High gas prices are threatening an almost sacred American tradition — driving around aimlessly, cruising, if you will.
Driving around aimlessly is such a part of our culture that it has its own signature film, "American Graffiti," in which a group of teen-agers spend the night driving aimlessly around Modesto, California.
There is even a female version of driving around aimlessly, ‘"Thelma & Louise," in which two women drive distractedly and aimlessly toward Mexico. The trip ends badly, but as any small-town kid who spends summer evenings driving up and down Main Street could tell you, it’s not the destination, it’s the journey.
America’s roadside culture grew out of driving around aimlessly. Drive-in malt shops and drive-in movies sprang up to give some sense of purpose to just driving around. There is a whole genre of music, largely but not totally from the 1950s, to drive aimlessly by. The music is sold in boxed sets by public television and on late-night infomercials.
In the musical play "Grease," whose teenagers would be driving around aimlessly if only the stage were larger, part of the set in the productions I have seen is a car, a ’49 to ’51 Ford, one of the great cruising machines.
An end to cruising has broad social implications for the nation because it’s how suburban young people meet and eventually propagate. We could be facing population loss.
And it’s just not young people. Adults will often prolong their drive by taking the long way home, taking "the scenic route" as it’s sometimes known. Oh, they might say they want to catch a few more minutes of Rush Limbaugh’s rococo tones or the last inning or two of the ball game but in fact they are responding to the primeval American urge to drive around aimlessly.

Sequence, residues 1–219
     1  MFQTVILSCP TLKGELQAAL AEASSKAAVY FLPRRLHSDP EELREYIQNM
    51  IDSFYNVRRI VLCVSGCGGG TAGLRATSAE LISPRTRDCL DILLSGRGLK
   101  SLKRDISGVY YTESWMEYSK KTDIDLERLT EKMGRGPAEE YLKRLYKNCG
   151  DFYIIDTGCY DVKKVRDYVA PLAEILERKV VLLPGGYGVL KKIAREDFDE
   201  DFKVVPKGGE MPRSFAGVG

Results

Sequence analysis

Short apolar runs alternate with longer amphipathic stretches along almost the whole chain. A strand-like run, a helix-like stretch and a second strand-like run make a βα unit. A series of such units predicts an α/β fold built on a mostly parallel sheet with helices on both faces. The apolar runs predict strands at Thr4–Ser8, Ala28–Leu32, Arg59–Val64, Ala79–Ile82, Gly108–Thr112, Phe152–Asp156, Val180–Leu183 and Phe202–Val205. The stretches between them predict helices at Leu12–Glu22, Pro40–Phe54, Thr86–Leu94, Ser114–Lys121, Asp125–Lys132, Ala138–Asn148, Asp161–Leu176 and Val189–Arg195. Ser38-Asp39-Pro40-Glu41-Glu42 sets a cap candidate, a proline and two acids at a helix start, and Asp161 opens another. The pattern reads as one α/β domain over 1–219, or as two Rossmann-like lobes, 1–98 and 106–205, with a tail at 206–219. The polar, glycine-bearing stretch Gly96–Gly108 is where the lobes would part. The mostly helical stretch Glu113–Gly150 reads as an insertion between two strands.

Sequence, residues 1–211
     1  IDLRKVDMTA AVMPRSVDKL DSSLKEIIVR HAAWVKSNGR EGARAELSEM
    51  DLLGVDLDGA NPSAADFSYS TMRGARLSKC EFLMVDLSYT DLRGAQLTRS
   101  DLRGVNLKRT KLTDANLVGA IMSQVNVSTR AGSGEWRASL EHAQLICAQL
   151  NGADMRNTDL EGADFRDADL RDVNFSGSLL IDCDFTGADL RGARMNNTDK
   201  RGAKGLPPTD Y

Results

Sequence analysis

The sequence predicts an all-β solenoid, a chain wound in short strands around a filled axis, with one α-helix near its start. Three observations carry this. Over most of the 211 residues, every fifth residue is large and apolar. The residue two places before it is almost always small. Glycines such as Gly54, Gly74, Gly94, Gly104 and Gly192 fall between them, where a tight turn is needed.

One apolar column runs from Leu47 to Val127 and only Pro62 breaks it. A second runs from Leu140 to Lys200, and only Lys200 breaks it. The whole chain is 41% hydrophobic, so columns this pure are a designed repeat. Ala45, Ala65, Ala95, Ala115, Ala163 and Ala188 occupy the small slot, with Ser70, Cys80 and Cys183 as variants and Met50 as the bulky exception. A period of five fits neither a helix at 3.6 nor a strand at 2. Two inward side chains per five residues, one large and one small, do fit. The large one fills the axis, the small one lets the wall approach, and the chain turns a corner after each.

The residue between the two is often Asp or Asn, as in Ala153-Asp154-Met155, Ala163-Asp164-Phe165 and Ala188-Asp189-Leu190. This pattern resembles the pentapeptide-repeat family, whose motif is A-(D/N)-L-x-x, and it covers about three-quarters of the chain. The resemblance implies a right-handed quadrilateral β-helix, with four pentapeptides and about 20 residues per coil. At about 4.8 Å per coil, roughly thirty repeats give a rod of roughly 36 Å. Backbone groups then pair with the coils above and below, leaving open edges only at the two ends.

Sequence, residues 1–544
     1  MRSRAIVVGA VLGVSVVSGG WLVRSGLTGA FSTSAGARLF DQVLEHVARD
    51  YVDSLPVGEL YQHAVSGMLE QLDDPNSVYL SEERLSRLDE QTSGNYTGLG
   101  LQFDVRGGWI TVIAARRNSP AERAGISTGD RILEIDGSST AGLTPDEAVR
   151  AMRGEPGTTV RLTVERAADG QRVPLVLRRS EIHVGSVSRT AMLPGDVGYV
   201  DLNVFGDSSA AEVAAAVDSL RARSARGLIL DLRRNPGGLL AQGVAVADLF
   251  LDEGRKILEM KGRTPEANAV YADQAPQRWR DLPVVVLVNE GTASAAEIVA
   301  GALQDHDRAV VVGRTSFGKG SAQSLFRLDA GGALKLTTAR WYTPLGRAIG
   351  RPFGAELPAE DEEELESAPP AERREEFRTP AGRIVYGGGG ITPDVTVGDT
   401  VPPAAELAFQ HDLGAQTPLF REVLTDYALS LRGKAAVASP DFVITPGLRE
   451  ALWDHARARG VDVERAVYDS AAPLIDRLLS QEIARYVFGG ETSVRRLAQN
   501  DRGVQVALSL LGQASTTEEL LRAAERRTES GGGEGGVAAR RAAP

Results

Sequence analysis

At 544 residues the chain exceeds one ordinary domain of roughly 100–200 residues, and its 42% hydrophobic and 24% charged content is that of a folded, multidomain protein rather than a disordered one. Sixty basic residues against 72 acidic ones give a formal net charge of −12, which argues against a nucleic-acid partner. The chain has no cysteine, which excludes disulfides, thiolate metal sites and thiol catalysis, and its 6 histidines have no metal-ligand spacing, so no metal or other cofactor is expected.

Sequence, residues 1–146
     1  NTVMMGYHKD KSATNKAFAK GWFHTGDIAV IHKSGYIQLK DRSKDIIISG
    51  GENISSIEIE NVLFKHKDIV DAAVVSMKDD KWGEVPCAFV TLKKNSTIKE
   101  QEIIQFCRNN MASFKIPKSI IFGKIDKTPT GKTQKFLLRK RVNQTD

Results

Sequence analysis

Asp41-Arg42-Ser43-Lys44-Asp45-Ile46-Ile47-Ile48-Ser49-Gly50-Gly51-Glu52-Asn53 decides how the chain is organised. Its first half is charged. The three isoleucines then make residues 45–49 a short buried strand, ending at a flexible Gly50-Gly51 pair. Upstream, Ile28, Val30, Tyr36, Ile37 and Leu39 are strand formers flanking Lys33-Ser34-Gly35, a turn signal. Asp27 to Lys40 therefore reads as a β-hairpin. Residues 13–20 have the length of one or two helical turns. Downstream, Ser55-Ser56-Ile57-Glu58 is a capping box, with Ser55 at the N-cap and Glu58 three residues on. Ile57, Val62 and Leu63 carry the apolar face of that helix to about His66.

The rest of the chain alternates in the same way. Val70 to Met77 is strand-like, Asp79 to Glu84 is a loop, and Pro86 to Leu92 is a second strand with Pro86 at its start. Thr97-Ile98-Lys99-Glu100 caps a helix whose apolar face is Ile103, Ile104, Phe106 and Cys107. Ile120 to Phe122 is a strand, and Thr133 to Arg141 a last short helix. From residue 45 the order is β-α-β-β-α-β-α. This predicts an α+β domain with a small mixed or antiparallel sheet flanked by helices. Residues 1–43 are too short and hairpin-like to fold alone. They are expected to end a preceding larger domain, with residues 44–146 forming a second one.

There’s no way public transportation can fill that need. If a bus driver said he was going to detour past the mall on the off chance that some of his buddies might be hanging out and on the even more off chance that some women might be hanging out with them, we would revolt. True, part of driving around aimlessly is doing it with all your friends, but the people on this bus are all strangers.
The enemies of the internal combustion engine will hail the end of driving around aimlessly for ending a waste of time and the Earth’s irreplaceable precious natural resources, blah, blah, blah. It’s simply the natural human urge to cramp someone else’s fun in the name of the common good.
But on a balmy summer night with not much else going on, when the house feels cramped, the TV is irritating, even these scolds deep in their souls feel something, somewhere calling them. It says, "Get in the car. Turn up the music. Check out your old neighborhood haunts." Maybe you’ll see some, maybe not. That’s the whole point of driving aimlessly. You can’t be disappointed. But do it before gas prices go up again.